In-home Health Alert Systems in Rural and Remote Areas of Australia: A Survey of Doctors' and Patients' Views

Advanced Institute of Convergence IT
Publication Type:
Journal Article
Journal of Convergence Information Technology, 2011, 6 (1), pp. 1 - 14
Issue Date:
Full metadata record
Files in This Item:
Filename Description Size
Thumbnail2011001450OK.pdfPublished Version706.02 kB
Adobe PDF
Australias population is ageing, and this is placing increased stress on the national health system. There has been an increased focus on providing services that enable older people to live safely at home rather than in hospitals or retirement accommodation settings. Health-alert systems that use pendants or sensors are especially important for an increasing number of older people who live at home in rural and remote areas. This paper presents preliminary findings from a survey of 56 elderly people and 12 medical practitioners regarding the use of in-home health alert systems. The study was conceived to improve understanding of user requirements relating to in-home trauma alert systems and shed light on concerns, risks and design constraints. The preliminary findings suggest that cost is a primary limitation preventing older people from installing these systems. In addition, the findings suggest that there is a need for automatic sensor-based systems to complement existing systems that rely on the user to wear and operate a push-button pendant or other device. The results also suggest that there is an unmet demand for sensor-based systems that automatically register these events and send alerts to nominated peers in the first instance, and only send alerts to emergency services if the nominated peers failed to register a response to the alert. The study also found that older people may be opposed to camera-based systems, but are not opposed to less intrusive sensors in key areas such as bathrooms and kitchens. The surveyed medical practitioners suggested that systems that sense heart rate and oxygenation may be of particular benefit, and that potential candidates for automatic systems include people who have medical conditions such as dementia, epilepsy, cardiovascular illness, stroke, Parkinsons disease, vertigo and osteoarthritis.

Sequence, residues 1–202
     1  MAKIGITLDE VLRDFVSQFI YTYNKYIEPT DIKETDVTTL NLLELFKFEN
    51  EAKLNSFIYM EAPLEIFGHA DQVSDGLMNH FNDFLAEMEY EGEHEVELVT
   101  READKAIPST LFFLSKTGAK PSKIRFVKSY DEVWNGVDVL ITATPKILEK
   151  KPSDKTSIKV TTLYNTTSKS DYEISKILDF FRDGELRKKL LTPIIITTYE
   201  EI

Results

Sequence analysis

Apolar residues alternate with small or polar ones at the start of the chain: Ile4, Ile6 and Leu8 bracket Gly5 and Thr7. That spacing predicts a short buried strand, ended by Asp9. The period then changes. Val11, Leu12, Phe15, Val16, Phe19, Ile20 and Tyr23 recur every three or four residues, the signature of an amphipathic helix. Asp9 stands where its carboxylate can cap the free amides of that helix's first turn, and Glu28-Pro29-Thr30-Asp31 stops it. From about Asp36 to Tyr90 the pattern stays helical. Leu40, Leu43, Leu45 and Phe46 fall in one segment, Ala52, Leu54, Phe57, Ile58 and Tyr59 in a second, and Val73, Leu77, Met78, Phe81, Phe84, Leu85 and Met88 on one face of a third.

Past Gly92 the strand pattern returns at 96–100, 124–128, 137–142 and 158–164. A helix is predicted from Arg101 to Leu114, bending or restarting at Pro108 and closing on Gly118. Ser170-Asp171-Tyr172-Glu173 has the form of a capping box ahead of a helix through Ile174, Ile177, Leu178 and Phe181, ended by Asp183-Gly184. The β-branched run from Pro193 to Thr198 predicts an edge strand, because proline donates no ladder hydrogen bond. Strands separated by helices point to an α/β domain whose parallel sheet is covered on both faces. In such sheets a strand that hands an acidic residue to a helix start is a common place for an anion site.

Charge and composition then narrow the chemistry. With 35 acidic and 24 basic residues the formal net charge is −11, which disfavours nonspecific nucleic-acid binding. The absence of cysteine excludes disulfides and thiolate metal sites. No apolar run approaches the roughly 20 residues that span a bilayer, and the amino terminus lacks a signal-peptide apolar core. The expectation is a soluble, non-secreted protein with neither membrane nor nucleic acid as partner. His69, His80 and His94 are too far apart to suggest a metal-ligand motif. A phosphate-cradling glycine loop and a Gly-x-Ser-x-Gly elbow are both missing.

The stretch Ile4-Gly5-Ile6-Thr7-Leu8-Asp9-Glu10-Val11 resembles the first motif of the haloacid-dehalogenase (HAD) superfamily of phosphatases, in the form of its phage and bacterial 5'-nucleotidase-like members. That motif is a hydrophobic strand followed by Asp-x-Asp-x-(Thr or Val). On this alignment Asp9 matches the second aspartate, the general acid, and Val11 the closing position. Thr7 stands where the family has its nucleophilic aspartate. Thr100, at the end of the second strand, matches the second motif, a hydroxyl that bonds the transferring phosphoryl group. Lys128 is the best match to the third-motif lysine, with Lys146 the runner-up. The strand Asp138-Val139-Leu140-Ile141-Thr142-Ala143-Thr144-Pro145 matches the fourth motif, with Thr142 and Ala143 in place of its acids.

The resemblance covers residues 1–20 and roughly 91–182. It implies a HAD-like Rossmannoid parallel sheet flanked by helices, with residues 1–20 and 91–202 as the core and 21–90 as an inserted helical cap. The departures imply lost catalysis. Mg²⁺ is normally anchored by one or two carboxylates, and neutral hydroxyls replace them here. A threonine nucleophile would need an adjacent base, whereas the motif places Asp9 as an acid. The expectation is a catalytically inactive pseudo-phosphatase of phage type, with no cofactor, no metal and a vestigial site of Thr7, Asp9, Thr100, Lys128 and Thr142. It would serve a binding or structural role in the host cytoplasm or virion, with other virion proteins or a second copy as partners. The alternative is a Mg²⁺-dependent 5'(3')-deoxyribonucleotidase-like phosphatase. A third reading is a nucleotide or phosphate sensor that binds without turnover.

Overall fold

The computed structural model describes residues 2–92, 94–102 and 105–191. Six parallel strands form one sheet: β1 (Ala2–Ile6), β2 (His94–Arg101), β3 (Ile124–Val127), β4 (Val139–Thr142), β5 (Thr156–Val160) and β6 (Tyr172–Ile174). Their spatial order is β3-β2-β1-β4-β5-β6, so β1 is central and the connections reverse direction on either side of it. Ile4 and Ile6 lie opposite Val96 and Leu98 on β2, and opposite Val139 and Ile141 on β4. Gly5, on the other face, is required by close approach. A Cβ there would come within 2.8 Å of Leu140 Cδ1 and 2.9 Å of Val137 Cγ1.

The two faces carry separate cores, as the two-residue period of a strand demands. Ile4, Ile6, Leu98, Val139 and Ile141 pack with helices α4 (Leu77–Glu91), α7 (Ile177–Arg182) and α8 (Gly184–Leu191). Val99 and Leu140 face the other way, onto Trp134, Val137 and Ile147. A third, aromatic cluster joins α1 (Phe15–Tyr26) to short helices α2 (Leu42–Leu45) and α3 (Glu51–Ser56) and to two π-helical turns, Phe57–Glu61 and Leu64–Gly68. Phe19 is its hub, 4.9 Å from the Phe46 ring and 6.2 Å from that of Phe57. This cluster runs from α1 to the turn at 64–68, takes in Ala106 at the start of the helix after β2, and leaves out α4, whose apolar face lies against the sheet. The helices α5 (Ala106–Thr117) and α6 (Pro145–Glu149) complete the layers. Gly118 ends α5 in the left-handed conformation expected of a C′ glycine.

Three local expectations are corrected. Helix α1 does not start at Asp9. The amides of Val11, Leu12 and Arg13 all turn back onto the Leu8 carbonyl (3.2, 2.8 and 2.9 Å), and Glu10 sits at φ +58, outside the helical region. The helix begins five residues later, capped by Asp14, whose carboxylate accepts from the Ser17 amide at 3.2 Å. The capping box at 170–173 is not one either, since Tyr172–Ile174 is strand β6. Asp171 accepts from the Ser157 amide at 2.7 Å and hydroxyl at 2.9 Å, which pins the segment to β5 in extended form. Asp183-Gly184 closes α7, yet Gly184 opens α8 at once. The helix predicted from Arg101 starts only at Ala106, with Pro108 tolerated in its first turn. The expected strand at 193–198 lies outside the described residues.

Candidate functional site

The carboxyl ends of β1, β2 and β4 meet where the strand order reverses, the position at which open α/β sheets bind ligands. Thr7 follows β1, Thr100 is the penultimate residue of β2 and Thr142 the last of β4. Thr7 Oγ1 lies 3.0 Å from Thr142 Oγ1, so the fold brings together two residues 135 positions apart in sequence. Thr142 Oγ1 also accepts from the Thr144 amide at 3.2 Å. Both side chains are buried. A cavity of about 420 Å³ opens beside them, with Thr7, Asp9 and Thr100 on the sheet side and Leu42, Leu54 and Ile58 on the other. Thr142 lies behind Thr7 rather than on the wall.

Please use this identifier to cite or link to this item: